Small is beautiful: The molecular art that’s made a mini-masterpiece of the Mona Lisa
Nick Clark is the arts correspondent of The Independent. He joined the newspaper in June 2007, initially reporting on the stock markets. He has covered beats including the City, and technology, media and telecoms and made the switch to arts in December 2011. He has also contributed articles to the sports section.
Wednesday 07 August 2013
The Mona Lisa is one of the most reproduced images of all time, but art fans may struggle to make out that enigmatic smile on one unusual replica.
Scientists at the Georgia Institute of Technology have unveiled the “Mini Lisa”, 25,000 times smaller than the original hanging in the Louvre in Paris and just a third of the width of a human hair.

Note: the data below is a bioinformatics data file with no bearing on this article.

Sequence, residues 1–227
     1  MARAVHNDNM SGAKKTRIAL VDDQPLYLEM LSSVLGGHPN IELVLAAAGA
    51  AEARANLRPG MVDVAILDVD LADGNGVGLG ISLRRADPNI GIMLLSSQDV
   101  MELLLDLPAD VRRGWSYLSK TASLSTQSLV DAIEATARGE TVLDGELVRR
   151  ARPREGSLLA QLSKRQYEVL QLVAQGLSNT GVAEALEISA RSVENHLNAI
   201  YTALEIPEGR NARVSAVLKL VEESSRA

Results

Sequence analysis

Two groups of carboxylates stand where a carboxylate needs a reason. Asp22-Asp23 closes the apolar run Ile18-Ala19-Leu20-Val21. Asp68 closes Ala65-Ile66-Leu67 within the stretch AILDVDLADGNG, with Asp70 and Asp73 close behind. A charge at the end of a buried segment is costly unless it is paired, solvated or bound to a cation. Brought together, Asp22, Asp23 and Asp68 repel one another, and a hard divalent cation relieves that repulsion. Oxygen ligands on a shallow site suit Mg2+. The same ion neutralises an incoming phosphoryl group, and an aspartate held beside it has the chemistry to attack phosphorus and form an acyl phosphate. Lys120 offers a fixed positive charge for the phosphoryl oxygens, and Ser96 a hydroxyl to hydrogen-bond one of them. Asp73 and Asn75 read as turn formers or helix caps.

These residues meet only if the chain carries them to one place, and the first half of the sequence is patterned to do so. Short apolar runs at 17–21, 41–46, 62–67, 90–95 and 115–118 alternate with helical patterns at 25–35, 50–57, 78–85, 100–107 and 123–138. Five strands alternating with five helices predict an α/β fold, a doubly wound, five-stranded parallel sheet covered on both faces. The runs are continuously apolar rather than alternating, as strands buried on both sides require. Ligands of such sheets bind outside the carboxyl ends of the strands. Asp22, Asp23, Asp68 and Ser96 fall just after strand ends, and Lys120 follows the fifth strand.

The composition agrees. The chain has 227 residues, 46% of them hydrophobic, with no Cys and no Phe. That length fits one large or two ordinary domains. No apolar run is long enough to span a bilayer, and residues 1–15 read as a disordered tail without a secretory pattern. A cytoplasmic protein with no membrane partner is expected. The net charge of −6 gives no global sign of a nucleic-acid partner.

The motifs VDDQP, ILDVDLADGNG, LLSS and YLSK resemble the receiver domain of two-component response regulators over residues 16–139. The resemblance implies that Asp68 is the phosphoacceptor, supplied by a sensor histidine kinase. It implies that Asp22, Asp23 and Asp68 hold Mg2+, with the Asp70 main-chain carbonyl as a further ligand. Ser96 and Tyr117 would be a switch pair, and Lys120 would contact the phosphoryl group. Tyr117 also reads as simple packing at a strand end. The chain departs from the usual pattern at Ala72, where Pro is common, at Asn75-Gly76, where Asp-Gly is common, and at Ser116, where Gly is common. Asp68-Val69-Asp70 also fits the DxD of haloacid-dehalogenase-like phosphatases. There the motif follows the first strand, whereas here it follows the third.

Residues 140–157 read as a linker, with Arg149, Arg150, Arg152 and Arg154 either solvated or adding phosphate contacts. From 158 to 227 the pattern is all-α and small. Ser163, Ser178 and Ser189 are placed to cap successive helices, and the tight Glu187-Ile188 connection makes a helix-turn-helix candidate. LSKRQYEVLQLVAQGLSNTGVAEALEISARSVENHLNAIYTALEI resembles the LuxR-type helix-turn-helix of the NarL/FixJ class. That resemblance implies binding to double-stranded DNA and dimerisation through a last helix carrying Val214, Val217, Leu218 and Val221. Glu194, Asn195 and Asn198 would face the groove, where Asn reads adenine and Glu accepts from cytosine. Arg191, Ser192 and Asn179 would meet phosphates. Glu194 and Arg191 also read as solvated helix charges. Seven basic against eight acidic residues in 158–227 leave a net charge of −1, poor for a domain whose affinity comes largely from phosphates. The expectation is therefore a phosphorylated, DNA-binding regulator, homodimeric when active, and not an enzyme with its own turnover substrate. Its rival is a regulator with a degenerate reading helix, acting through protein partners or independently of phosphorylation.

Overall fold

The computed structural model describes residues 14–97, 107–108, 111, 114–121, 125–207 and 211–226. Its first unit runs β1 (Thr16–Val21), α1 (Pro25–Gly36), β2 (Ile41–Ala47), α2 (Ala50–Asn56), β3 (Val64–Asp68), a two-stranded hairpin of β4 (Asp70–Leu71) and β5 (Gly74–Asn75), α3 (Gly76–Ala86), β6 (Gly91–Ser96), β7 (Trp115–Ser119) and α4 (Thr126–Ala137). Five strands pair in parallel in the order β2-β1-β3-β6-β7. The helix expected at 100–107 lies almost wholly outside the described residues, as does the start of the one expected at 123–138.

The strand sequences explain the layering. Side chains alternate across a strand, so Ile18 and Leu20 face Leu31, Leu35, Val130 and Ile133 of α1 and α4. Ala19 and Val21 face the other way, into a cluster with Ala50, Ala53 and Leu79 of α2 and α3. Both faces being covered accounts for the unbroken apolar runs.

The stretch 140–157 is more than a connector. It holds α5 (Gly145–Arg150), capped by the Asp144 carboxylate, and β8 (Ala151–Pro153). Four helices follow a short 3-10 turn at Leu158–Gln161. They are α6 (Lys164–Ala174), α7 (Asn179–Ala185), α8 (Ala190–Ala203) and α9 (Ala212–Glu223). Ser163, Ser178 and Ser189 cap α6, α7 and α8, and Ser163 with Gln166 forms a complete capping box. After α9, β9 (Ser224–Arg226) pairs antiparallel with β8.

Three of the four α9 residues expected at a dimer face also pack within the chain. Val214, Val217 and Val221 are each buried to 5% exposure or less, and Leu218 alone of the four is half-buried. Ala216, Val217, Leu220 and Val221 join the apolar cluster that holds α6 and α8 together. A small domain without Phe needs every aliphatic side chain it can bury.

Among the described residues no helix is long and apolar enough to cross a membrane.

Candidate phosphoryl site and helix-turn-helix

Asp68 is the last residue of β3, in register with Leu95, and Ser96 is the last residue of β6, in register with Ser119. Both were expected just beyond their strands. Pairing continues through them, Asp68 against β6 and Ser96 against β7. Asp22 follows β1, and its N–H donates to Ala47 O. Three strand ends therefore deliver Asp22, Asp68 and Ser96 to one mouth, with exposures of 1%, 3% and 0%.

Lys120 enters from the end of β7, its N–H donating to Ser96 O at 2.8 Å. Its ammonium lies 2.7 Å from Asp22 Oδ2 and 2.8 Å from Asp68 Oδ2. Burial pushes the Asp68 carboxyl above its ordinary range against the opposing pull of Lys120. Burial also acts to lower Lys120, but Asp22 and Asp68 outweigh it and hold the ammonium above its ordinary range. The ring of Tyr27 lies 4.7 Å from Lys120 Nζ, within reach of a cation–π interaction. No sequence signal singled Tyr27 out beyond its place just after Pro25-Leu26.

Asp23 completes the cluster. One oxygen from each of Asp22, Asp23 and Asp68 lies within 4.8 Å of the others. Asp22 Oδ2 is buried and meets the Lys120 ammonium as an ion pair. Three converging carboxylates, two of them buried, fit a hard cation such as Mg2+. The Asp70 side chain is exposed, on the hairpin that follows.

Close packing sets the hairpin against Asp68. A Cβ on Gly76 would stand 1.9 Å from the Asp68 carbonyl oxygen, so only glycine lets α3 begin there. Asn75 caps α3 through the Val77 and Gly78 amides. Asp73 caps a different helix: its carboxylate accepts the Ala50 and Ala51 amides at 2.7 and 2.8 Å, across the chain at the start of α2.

The nanotechnique work, which is 30 microns wide, was created using a new process that allows precise heating of a needle on an atomic-force microscope to produce different shades of grey in a particular dye.
The decision to recreate Leonardo da Vinci’s work came after doctoral candidate Keith Carroll was bet that the technology could not reproduce intricate art works. The experiment showed how it could be used in manufacturing and its the ability to manipulate molecular concentrations.
The researchers also reproduced some Ansel Adams photography in their study. A paper on the technology, known as thermochemical nanolithography, was published online by the journal Langmuir.
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